This is my story. It will inevitably be different than yours. It is not so much a guide as a giant thank-you note.
As of Monday morning, I have returned to full time employment. I am incredibly excited to be the new Digital Cataloging Specialist at the Hartford Public Library. I will be splitting my time between maintaining the classical music collections and working with the collections of the Hartford History Center. Though I have spent much more time working with historical collections, I am equally excited to be working with the music collections.
Altogether, I am incredibly fortunate. My un(der)employment only lasted six months. I was able to work part time, so I was never completely unemployed. Financially, it wasn’t easy, but I made it through without any permanent damage. The worst was the perfect storm of heating bills (I advocate summer underemployment), Christmas credit card bills (again, no pesky Fourth of July presents), and the property tax bill for my vehicle (hmm, that does happen in July, too). I could have lived quite happily without January.
There is so much that I thought about doing during the lull in my employment. I considered trips to the beach, museum visits, taking the train to New York for the day. If given a choice, I would have chosen to be out of work during the warmer months of the year, those more conducive to cycling. It doesn’t really matter which half of the year a person is out of work, though. While underemployment provides plenty of free time, it is rather stingy with the spending money. I constantly faced the emotional tug-of-war of wanting to leave the house, but not feeling that I could afford to. Fortunately, I live in a great place, with highly talented people, and plenty of affordable entertainment. Over the past six months I attended Envisionfest, Nightfall, Other People’s Stories, The Ear Cave, and two events at The Hartt School, most recently the Women Composers Festival. I even attended the Colgate Women’s Basketball game at UConn, which added to my alma mater’s [thirteen] minutes of fame. All of these were free! Ok, the Colgate game was free with four years paid tuition, but I digress… I volunteered for The Connecticut Forum and was able to attend their events, too (the Vision & Brilliance panel was phenomenal). Without a steady paycheck, I managed to be happier and do more things than in the past when I had much more money.
While events are fabulous, the emotional support of my family and friends has been priceless. My parents did everything from sending me home with leftovers to making sure I could attend my nephew’s first birthday party. My sister put her son in front of the webcam whenever I needed a smile. A giant hat tip to everyone with whom I regularly interact on social media, as well.
A growing part of my life, particularly since the fall, is my relationship with the Mandell JCC. I am in awe of how much more than a gym membership it has become for me. Toward the end of the summer I was invited to participate in the Stavis Leadership Forum (a joint program with the JCC and the Jewish Federation) and asked if I would like to be on the Hartford Jewish Film Festival committee. I can’t do justice to either in this paragraph, but both have been great experiences. For the film festival I suggested a Kickstarter campaign, and the committee was willing to try it. The extra time I had allowed me to put together our project (please watch the video and support us!). Most recently I was recommended to help with a project for the JCC’s centennial. In the process, I found out my Great Aunt was an Executive Director of one of the agencies that became the JCC. I guess I’m meant to be involved!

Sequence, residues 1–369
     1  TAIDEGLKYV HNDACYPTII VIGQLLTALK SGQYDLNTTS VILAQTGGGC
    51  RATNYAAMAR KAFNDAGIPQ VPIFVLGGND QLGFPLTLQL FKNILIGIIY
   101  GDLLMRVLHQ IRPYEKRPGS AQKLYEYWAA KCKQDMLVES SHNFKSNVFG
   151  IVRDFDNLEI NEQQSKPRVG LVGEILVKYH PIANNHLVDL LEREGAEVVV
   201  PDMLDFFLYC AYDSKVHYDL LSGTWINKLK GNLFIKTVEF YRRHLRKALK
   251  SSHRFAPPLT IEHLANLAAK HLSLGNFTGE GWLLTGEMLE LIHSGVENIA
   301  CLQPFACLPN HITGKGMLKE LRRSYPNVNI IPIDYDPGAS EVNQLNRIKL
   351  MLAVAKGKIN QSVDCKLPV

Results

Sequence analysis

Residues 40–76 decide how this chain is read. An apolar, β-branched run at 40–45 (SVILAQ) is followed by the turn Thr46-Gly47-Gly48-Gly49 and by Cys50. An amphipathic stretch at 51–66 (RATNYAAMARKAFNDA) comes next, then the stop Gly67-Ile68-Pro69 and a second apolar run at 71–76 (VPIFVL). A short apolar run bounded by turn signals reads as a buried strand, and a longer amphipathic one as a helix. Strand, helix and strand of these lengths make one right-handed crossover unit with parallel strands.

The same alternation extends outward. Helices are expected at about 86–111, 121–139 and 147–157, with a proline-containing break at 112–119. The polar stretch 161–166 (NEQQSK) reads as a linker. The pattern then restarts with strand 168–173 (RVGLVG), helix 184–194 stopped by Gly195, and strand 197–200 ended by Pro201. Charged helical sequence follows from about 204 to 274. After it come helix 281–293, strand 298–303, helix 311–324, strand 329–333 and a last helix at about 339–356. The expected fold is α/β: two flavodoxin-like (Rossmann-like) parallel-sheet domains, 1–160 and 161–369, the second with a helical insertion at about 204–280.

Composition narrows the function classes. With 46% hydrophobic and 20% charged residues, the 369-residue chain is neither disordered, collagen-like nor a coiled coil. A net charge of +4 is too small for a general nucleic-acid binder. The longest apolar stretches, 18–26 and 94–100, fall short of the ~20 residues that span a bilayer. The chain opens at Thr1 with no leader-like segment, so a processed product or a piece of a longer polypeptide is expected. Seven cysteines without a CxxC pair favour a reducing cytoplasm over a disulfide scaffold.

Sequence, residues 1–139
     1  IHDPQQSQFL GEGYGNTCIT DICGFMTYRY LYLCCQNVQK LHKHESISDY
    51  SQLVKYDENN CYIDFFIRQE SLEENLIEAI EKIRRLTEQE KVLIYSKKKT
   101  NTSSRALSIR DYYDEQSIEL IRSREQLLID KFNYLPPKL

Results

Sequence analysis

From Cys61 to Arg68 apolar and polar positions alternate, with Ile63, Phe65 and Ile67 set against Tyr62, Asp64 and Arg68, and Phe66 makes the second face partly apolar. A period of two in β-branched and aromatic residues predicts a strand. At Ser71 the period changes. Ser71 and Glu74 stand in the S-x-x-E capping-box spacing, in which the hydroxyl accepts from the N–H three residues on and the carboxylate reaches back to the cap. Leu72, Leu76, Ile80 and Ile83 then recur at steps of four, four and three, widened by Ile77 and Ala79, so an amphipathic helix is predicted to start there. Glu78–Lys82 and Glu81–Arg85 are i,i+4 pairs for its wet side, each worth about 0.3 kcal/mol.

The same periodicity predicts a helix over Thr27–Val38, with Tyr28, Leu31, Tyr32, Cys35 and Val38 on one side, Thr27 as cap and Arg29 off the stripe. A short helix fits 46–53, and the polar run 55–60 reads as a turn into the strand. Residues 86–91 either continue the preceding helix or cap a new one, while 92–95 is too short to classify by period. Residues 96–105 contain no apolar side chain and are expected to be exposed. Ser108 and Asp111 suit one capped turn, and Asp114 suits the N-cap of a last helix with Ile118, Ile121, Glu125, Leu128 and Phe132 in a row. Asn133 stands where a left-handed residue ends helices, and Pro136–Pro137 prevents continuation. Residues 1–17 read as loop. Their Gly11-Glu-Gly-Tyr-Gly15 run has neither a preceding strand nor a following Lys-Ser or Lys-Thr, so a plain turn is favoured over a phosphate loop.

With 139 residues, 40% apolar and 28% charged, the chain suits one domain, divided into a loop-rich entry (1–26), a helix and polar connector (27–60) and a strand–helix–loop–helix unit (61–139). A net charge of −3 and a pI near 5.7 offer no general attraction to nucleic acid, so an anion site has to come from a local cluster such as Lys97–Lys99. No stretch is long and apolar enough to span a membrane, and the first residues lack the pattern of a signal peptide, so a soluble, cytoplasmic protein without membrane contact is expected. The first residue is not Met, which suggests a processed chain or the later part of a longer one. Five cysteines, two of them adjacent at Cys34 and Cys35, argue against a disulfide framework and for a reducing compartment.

Sure, these six months were not entirely puppies and rainbows. There were job interviews and rejections. Weeks went by without there being any positions posted that grabbed my attention. Evenings out with friends were far more likely to include a glass of ice water than wine. As a contractor, if I didn’t work, I didn’t get paid, which took away from the glamour of hurricane and blizzard days. I’m also still recovering from the fear that I wouldn’t get this job, and would eventually find myself in a nightmare situation, such as unemployed. In Greenland. But I survived by having a strong, supportive, and varied network that allowed me to enjoy life as much as I could. This had the possibility of being a very dark period, but my community kept it light. Certainly there were days when my spirits were down, but those days were the exception. I don’t wish un(der)employment on anyone, but if you do find yourself there, I hope you have plenty of community support to see you through.